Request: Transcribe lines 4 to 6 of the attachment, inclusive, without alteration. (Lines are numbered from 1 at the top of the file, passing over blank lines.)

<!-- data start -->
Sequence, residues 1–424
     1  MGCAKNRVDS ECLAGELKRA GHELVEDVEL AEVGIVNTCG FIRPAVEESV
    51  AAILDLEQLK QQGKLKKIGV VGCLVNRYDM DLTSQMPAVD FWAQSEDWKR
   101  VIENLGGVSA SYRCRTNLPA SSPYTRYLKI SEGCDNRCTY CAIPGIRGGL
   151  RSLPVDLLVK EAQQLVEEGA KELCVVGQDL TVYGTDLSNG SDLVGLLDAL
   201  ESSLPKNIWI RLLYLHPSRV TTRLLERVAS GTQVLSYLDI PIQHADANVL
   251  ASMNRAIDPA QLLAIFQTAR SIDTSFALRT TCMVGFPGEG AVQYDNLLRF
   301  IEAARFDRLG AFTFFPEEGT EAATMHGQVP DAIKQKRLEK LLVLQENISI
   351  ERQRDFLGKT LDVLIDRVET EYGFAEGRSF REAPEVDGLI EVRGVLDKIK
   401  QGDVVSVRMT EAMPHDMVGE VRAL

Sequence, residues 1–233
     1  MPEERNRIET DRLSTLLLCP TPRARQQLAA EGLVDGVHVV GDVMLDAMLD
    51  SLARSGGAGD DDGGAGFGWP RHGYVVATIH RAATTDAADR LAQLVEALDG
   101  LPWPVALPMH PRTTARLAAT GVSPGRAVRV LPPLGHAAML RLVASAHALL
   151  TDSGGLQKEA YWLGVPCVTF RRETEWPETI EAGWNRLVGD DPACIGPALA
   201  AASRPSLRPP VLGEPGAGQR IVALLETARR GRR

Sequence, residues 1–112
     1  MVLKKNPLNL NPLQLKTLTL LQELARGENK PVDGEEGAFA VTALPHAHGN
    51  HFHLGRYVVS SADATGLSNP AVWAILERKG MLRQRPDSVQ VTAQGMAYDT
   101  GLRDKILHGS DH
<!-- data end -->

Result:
   101  VIENLGGVSA SYRCRTNLPA SSPYTRYLKI SEGCDNRCTY CAIPGIRGGL
   151  RSLPVDLLVK EAQQLVEEGA KELCVVGQDL TVYGTDLSNG SDLVGLLDAL
   201  ESSLPKNIWI RLLYLHPSRV TTRLLERVAS GTQVLSYLDI PIQHADANVL